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“The free market has been sorting it out,” Vice President-elect Mike Pence said last week, “and America’s been losing,”

Pence is a smart conservative, and he knows that the Trump administration will never make America great again with bribes and threats against every company that ponders exporting its jobs over the southern border to Mexico. Crony corporatism of that sort can secure wins here and there, but it won’t change the economy or make the working classes better off.

Protectionism won’t win the future, either. President-elect Trump’s pick for commerce secretary has long championed tariffs to protect domestic manufacturers. There are no doubt good intentions behind Trump’s trade instincts; he wants to help the forgotten man, the Rust Belt denizen with no college degree whose hopes of high, steady wages were dashed by economic forces beyond his or her control.

But there is an awful lot of low-hanging fruit for Trump to pick if he wants to help those voters, such as in the Midwest, who won him the White House. There are policies that would make America a place companies flock toward rather than leave. To his credit, Trump brought up the subject when he spoke this week in Indianapolis.

The American job market has been itching to get moving again for at least five years. But President Obama hobbled it with spools of extra red tape when the need was, rather, to cut those restraints and let the economy rip. Trump could make this happen quickly.

Without any help from Democrats, he and Republicans in Congress will immediately be able to scrap several rules, beginning with those that have been finalized since May. Trump can also abandon rules, such as punitive new overtime regulations, that are in the works or tied up the courts. Throwing them overboard and letting them sink unlamented from sight would make it clear that America is open for business again.

This could mean the end of several crushing regulations, including the Clean Power Plan, Obama’s overtime rule, anti-fracking rules and at least one anti-coal measure. That’s just the beginning. Trump could instantly blunt some of the pain being caused by Obamacare regulations in advance of full repeal of the underlying and unloved law.

While lower labor costs abroad will always draw businesses away, lower energy costs at home can draw them back.

In spite of many of Obama’s efforts, America has become the world’s leader in combined oil and natural gas production. It is close to taking the top slot as the biggest oil producer on the planet.

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If manufacturers can be confident of low energy costs long term, they’ll set up shop here. If Trump issues permits for a few pipelines and reopens federal lands to drilling, he can create thousands of jobs without spending a dime, and make this country a more attractive place for foreign companies to manufacture their products.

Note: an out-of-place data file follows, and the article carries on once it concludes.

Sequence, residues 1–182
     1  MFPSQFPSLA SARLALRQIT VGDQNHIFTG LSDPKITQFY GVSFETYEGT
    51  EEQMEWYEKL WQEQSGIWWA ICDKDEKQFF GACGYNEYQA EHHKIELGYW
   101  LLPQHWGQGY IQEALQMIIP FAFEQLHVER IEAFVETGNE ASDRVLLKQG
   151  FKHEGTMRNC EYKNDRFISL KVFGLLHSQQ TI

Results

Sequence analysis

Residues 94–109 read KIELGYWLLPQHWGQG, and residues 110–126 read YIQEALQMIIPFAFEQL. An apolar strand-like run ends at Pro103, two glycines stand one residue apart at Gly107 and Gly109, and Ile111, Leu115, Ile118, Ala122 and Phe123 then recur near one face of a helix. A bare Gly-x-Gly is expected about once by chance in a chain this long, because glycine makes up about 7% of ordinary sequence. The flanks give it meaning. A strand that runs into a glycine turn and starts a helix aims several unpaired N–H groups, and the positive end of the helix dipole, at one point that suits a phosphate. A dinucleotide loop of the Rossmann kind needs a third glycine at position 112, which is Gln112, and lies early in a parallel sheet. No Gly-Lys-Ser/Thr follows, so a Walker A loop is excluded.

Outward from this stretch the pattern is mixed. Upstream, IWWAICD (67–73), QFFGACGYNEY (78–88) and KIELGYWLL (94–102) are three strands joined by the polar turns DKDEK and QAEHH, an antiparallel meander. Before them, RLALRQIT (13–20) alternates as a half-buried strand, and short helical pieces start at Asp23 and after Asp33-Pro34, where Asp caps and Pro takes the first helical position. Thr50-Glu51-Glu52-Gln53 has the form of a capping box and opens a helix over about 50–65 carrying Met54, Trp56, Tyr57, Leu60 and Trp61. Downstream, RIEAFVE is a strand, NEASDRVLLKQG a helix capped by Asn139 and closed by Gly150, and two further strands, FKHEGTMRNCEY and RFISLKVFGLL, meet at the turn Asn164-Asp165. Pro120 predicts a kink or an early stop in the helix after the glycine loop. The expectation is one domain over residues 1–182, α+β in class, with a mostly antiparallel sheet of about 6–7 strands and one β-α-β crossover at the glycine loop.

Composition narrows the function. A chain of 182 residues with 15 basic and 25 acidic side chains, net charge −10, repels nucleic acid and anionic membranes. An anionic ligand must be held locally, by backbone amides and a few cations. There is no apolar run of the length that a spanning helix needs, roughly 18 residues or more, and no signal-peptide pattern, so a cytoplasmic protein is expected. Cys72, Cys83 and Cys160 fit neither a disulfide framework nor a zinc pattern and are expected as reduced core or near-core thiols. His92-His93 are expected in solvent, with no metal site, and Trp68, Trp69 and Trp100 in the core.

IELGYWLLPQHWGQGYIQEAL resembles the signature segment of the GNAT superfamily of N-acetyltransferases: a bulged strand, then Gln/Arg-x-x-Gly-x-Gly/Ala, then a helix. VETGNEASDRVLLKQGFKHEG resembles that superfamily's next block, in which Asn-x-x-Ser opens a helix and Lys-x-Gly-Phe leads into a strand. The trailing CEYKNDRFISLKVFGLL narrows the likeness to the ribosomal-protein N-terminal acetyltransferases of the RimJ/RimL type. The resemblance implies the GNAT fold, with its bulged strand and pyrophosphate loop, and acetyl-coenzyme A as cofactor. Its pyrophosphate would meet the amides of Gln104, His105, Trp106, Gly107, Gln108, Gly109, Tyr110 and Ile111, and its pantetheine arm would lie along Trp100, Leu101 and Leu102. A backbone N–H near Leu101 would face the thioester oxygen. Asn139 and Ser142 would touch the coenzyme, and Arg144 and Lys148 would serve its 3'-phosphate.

Both Keystone and the North Dakota Access Pipelines promise to strengthen the energy sector, facilitating domestic sales and even exports of oil and natural gas.

And here’s a trade deal that fits into Trumpism: A bilateral U.S.-U.K. trade pact. This will expand our trade with the world’s fifth-largest economy as it retrieves its independence from Europe. Trump’s objections to NAFTA don’t apply to a U.S.-U.K. trade deal, as conservative British politician and Washington Examiner columnist Dan Hannan explained on our pages: “Our wage levels are similar, and we are hardly in competition when it comes to what is left of heavy industry. Does anyone seriously imagine steel mills relocating from Dearborn, Mich., to Corby, Northamptonshire?”

Finally, Trump can follow through on something long promised but never delivered — a revenue-neutral corporate tax reform that closes loopholes and brings rates below those of other countries. American-based multinationals are loath to repatriate profits they earn abroad and invest them at home because they face punishing double taxation at the world’s highest corporate rate.

Trump’s plan already includes amnesty for bringing this money back home. This vast reservoir of capital would, too, be an overnight game-changer for job creation.

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Throughout this election, we have decried Trump’s protectionist rhetoric as unwise and potentially damaging to the economy if put into effect. And we are not encouraged that his first big victory was a love affair financed by corporate welfare.

But, as the above catalog makes clear, there are enough policies to which Trump subscribes to make America boom again, to the point that he can abandon the bad ideas with which he appealed to disgruntled working-class voters. Obama has done so much to prevent the economy from springing forward that Trump’s first 100 days have the potential to be the most productive and positive for the economy of any presidency in recent memory.

If he can reduce the regulatory burden, lower energy costs and bring down America’s highest-in-the-world corporate tax rate, he won’t have to threaten or bribe the next Carrier. It will, rather, be eagerly bringing its plants from Mexico to the U.S. of its own accord.

Timothy P. Carney, The Washington Examiner’s senior political columnist, can be contacted at tcarney@washingtonexaminer.com. His column appears Tuesday and Thursday nights on washingtonexaminer.com.

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